Wednesday, 10 October 2007

Hermeneia's Hermeneutics

Hermeneia - A Critical and Historical Commentary on the Bible (Minneapolis: Fortress) utilizes a common preface for all its volumes, written by Frank Moore Cross and Helmut Koester, in which it is said:

"The editors of Hermeneia impose no systematic-theological perspective upon the series (directly, or indirectly by selection of authors). It is expected that the authors will struggle to lay bare the ancient meaning of a biblical work or pericope. In this way the text's human relevance should become transparent, as is always the case in competent historical discourse" (emphasis added).
Could someone explain to me the logic behind the words in italics?

5 comments:

mike aubrey said...

hmmm, i had never thought about that before. i have no idea.

Andrew Compton said...

Didn't Schliermacher describe the goal of the interpreter as being to know the author better than the author knew his or herself?

It seems like the line gives precedence to the notion that the historical (read: human) authors' original meaning is the only meaning. So much for a canonical or inner-Biblical meaning . . .

Perhaps more importantly, the line seems to hold to the modernist/Cartesian commitment to the scientific method . . .

Brueggemann seems to have wise words here: "The gains of historical criticism are immense, and no informed reader can proceed without paying attention to those gains. What has not been noticed is that such scholarship is not as innocent as it imagined itself to be. Thus the Cartesian program, fully embraced by much of biblical scholarship, was not as innocent, objective, or decontextualized as it supposed itself to be, for this scholarship made easy, common cause with certain modes of power that it left unchallenged. As Hans-Georg Gadamer has argued, the Enlightenment has 'a prejudice against prejudice.' It cannot tolerate intellectual or theological claims and affirmations that urn against its thin objectivism, which is itself an acknowledged intellectual, theological claim" (Theology of the Old Testament, pg. 14).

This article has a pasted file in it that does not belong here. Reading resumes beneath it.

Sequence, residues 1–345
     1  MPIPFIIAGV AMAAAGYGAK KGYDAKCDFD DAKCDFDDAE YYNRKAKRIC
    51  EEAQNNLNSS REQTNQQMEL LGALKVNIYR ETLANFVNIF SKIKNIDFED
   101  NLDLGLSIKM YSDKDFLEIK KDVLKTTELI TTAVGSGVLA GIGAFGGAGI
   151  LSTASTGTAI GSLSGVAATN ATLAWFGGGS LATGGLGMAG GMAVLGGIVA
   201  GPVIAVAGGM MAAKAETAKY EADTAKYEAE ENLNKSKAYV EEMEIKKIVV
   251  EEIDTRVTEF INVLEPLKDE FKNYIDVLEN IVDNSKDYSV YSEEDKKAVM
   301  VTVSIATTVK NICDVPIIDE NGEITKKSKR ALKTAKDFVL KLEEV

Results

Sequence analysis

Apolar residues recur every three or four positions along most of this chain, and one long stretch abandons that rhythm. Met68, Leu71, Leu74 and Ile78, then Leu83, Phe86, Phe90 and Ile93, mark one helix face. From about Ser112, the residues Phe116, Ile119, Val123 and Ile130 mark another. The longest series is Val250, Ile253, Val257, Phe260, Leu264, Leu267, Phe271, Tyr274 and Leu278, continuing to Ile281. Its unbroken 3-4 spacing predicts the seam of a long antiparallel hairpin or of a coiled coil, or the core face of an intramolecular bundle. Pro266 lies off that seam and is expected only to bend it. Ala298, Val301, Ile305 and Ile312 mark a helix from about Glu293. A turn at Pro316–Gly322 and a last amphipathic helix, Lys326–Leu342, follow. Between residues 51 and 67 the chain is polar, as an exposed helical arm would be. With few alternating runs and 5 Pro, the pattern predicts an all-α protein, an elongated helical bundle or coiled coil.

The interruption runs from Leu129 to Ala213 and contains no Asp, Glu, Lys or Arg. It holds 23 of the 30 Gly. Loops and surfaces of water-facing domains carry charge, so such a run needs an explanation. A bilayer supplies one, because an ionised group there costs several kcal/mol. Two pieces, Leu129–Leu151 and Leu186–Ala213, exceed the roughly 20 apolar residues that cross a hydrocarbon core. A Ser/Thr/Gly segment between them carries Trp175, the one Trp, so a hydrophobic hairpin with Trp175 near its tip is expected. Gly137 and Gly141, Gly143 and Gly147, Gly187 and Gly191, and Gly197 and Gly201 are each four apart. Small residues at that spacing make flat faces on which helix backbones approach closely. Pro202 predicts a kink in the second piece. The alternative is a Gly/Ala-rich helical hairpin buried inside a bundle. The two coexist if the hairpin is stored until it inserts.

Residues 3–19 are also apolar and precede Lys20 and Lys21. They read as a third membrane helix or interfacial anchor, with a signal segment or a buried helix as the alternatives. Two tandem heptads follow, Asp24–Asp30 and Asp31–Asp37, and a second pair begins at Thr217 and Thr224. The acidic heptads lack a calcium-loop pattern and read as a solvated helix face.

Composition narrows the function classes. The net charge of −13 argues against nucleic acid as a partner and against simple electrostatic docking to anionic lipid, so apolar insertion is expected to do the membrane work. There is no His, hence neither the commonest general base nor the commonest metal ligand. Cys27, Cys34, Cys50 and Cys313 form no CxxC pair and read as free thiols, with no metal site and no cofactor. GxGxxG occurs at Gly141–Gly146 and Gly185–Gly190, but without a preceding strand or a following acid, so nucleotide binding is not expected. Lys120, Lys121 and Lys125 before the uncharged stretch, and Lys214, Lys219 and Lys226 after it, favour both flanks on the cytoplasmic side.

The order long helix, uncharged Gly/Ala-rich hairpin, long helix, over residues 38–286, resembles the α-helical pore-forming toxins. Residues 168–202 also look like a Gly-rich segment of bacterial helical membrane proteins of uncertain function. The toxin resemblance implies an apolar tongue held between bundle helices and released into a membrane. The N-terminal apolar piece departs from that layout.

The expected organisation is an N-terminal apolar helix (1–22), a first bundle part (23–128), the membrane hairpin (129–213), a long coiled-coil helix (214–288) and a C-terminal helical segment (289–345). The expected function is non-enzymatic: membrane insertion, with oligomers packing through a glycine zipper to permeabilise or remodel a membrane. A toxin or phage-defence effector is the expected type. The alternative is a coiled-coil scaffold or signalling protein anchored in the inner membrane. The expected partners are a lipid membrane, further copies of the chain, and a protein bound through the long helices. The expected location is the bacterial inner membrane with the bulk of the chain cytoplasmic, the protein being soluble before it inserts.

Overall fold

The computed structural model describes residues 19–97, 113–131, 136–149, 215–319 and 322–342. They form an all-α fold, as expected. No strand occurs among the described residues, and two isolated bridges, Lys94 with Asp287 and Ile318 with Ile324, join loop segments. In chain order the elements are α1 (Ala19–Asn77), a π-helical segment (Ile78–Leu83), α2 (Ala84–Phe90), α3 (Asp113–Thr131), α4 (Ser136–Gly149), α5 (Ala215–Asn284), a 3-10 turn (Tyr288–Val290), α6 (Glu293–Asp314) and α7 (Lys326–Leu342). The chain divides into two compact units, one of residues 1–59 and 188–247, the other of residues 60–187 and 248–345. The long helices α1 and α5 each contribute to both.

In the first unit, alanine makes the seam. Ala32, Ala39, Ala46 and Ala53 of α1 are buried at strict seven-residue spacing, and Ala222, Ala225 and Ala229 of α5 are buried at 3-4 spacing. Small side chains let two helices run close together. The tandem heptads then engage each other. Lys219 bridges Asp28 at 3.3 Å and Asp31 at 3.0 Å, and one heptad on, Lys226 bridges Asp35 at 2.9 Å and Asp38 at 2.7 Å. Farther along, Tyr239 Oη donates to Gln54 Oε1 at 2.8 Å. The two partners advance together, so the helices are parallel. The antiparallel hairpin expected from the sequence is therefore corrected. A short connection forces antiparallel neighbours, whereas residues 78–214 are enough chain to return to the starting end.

Anyway . . . there's my 2 cents!
:)

Reformed Baptist said...

In the words of South Park:

Systematic theology is bad.......umm kay!

Tim said...

Logic, you demand logic? Why the covers are so minimally maximalist that surely it is looking an expensive gift horse in the mouth to also demand mere logic...

Gobbledegook rocks!

Phil Sumpter said...

Thanks guys, it's always a pleasure to get up in the morning, switch on my lap top espresso in hand, and read a bunch of responses to my post!

Mike,

I think a lot of people don't think about the mechanism by which something becomes 'relevant'. In one sense it's an odd thing to think about, we just do it. But I think when one starts making the kind of ideological claims made here by Koester and Cross (i.e. systematic theology is kept out of the picture, pure historical analysis somehow automatically enabling 'relevance' without theology/ideology), especially when these claims are dressed up as simply something that 'happens', a voice of protest needs to be raised. This brings me to Andrew's relevant quote from Brueggemann ...

Thanks for the quote Andrew: perfect! An example of “power” being hidden here is the claim that systematic theology is necessarily, in the nature of the thing, obfuscating and that if one does historical analysis – somehow independent of preconceived ideology! - then the facts (naked, uninterpreted?) will somehow become relevant in and of themselves. The claim is all the more insidious as it presents their position without further ado, as if that is so obviously the way things are that no philosophical justification is required. Talking about Gadamer, here's a related quote from him:

“The historical critique of Scripture that emerges fully in the eighteenth century has its dogmatic base, as our brief look at Spinoza has shown, in the Enlightenment's faith in reason” (Truth and Method, p. 182). “Enlightenment critique is primarily directed against the religious tradition of Christianity – i.e., the Bible ... This is the real radicality of the Modern Enlightenment compared to all other movements of enlightenment: it must assert itself against the Bible and dogmatic interpretations of it” (272).

Tim, R.B: precisely.